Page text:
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Helpful Tips for Understanding and Managing Your Tinnitus


Developed by the National Center for Rehabilitative Auditory Research at the Portland VA Medical Center and funded by the Joint Incentive Fund (JIF), this video introduces the condition of tinnitus. It also discusses steps that tinnitus sufferers can take to cope with the condition, prevent the condition from worsening, and reduce the severity of the symptoms to ensure they do not cause depression, anxiety or other secondary issues.

Can you hear that? Can you hear it? Now pay close attention. Can you hear this sound? I hear it. I hear it. Me too. I hear it all the time. Everywhere I go, it doesn’t go away. You can’t cover your ears. You cannot hide from it. What is tinnitus? Is a ringing in your ears that sometimes will not stop.

If you hear a ringing, buzzing, hissing, or other sound in your ears or head that never seems to go way, you may have tinnitus. A common cause of tinnitus is exposure to loud sounds. Other causes of tinnitus include: head or neck injuries, untreated medical conditions such as high blood pressure, and certain medications. Anything that contributes to hearing loss can also cause or worsen tinnitus. If you experience tinnitus, here are a few things that you should do. Protect your ears from loud sounds such as gunfire, machinery, power tools, and loud music. If you are around these types of sounds, wear hearing protection devices. Or if you can, move away from the source of the sound, or turn it down.

Being in a quiet setting tends to make you notice your tinnitus more. Try adding pleasant sounds such as music, nature sounds, relaxation CDs, even audio books, to any quiet environment. Use whatever works to listen to these sounds – speakers, earphones, radios, MP3 players, or iPods. Small in the ear sound generating devices, often referred to as maskers, also are available.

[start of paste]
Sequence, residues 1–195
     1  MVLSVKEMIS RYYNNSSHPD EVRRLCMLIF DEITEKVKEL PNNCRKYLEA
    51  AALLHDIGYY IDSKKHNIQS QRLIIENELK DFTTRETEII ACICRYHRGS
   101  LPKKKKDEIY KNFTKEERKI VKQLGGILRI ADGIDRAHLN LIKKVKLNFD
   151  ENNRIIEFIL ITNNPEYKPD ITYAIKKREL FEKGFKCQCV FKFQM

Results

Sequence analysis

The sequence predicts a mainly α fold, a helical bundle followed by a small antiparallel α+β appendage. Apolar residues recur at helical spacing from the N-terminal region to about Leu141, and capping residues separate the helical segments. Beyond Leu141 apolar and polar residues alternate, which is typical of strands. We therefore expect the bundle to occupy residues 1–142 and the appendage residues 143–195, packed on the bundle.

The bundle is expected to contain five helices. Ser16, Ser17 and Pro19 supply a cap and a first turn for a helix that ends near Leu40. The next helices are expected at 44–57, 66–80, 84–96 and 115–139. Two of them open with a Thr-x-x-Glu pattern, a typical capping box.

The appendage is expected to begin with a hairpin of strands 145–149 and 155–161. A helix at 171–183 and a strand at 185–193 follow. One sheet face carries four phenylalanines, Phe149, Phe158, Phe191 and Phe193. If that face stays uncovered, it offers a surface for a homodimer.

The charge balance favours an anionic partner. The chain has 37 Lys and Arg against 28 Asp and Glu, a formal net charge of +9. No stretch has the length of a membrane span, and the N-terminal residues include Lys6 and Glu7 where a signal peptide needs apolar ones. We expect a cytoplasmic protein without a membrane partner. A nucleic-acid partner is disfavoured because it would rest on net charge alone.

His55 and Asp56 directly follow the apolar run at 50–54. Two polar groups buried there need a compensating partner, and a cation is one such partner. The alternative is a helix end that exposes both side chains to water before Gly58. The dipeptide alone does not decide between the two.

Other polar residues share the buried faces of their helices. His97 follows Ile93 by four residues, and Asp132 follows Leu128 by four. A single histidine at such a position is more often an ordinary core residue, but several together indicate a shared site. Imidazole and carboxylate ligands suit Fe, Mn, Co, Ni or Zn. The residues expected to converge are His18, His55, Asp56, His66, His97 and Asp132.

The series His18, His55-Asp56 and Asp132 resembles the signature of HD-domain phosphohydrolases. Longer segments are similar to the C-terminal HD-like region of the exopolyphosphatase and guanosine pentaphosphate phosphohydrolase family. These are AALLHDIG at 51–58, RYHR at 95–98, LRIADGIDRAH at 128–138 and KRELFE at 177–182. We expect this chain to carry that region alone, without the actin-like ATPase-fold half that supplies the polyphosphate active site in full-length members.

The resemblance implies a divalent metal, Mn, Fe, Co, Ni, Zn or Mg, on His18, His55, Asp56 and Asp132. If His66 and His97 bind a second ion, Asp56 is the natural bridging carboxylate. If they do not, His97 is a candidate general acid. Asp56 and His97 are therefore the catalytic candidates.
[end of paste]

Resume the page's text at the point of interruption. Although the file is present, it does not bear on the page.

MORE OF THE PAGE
Get a hearing evaluation from an audiologist. Hearing loss and tinnitus often go hand in hand and an audiologist can detect any hearing loss that should be addressed. If you have significant hearing loss, hearing aids often help to reduce the perception of tinntus and also improve your ability to hear and communicate. The audiologist can also determine if you need to see an ear, noise, and throat physician. A physician can identify problems that can be treated medically. Many people who experience tinnitus do not require any healthcare services. They are able to ignore their tinnitus most of the time and it does not normally interfere with their daily activities, sleep, or enjoyment of life. However, if your tinnitus is bothersome to you, you should make an appointment with an audiologist. People who suffer from severe tinnitus can also suffer from depression, stress, anxiety, and fatigue. These issues can form a vicious circle of symptoms with each one making the others worse. If you experience anxiety, depression or sleep problems, along with tinnitus, then seek help from a qualified professional. Effective management for these conditions can help people to feel better and reduce the severity of their tinnitus.

For more information, contact your audiologist, physician, or the American Tinnitus Association.

Quick Fact


Tinnitus, or ringing in the ears, is often the first sign of hearing loss.

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